Global ore trade is an important gateway for non-native species: a case study of alien plants in Chinese ports.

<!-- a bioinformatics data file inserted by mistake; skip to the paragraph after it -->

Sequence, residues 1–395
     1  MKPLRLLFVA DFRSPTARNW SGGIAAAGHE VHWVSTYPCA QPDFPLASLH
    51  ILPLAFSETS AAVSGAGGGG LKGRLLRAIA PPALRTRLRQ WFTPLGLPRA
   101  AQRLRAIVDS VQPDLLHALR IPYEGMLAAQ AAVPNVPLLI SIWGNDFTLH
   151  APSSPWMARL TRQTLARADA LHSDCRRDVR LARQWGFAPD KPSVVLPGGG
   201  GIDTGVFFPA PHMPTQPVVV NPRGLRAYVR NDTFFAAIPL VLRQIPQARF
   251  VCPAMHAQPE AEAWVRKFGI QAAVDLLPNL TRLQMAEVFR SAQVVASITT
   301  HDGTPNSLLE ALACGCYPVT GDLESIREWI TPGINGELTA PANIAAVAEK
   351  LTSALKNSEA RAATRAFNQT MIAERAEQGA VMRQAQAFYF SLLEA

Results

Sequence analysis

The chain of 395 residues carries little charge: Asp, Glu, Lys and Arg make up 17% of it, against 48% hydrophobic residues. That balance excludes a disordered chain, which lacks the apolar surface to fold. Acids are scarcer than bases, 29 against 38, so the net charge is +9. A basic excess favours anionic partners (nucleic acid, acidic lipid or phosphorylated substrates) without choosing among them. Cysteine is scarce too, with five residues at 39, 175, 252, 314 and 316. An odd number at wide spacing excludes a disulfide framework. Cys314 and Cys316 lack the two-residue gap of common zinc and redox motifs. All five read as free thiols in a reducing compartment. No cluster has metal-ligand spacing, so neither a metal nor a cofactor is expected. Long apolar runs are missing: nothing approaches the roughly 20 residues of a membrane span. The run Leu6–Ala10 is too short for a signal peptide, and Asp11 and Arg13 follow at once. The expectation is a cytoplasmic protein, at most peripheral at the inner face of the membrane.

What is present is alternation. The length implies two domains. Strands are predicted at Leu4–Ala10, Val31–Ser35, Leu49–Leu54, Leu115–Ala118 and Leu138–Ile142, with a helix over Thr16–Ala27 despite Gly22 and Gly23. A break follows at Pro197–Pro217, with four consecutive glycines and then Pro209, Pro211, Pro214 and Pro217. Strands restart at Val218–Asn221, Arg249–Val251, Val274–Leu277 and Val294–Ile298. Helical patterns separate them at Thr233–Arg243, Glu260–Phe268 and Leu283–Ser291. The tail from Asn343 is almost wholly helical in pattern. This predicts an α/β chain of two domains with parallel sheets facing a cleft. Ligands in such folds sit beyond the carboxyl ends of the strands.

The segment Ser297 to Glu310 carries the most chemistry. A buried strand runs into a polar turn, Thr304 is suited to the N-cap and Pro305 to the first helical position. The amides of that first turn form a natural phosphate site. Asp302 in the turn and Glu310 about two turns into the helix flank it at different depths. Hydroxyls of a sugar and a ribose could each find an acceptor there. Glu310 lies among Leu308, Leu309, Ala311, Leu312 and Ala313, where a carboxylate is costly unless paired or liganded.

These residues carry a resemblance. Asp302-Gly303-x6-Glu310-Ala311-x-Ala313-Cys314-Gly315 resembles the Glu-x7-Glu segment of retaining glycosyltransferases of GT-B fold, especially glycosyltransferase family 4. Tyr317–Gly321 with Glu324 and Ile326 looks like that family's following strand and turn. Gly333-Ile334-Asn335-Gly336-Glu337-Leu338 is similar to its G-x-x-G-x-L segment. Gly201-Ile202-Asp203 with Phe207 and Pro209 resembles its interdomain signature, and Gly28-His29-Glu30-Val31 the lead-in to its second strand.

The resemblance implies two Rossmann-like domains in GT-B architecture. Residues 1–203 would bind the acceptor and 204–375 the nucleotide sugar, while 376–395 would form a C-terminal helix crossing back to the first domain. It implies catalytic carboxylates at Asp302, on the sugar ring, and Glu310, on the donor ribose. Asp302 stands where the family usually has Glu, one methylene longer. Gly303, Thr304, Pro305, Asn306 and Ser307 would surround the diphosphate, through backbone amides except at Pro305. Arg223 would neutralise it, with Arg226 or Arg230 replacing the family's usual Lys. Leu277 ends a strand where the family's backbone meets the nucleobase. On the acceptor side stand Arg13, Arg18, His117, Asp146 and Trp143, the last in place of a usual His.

Aim: Biological invasion has become one of the most important environmental concerns in many countries, with considerable time, money and effort being spent in the prevention and eradication of invasive species. Since mineral ores tend to harbour seeds from the local plants, our aim was to study the non-native plants collected in Chinese ports to understand the influence of global ore trade on biological invasion. Location: China. Methods: We surveyed 75 ore heaps across six types of ore in 22 Chinese port cities from 2010 to 2016 and collected 737 voucher specimens of non-native plants, out of which 709 specimens were traced to the country of origin. Using the software Maxent, we evaluated the risk of invasion from these non-native plants based on the global ore trade flow, traced their route and predicted the regions in China most vulnerable to invasion by these plants. Results: Of the 407 non-native plant species identified, most were from India, followed by Malaysia, Swaziland, Mexico, and Iran. Taxonomically, there were representations from 49 families, notably Fabaceae, Poaceae, Asteraceae and Solanaceae. The non-native plant species were represented by varying number of species, from a single specimen to 179. Analysis of the invasion risk indicated that the entire coast of China was at high risk. Furthermore, two major potential introduction pathways were also identified, namely the Yangtze drainage basin and the land from the Gulf of Tonkin to Sichuan Basin. Main conclusion: An important pathway for the invasion of non-native plants is the inadvertent transportation of seeds through global ore trade networks. Based on this study, we suggest greater monitoring and cooperation in the international ore trade for better management, and creating public awareness of the dangers of non-native species to help minimize the risk of transporting non-native plants by the global ore trade network.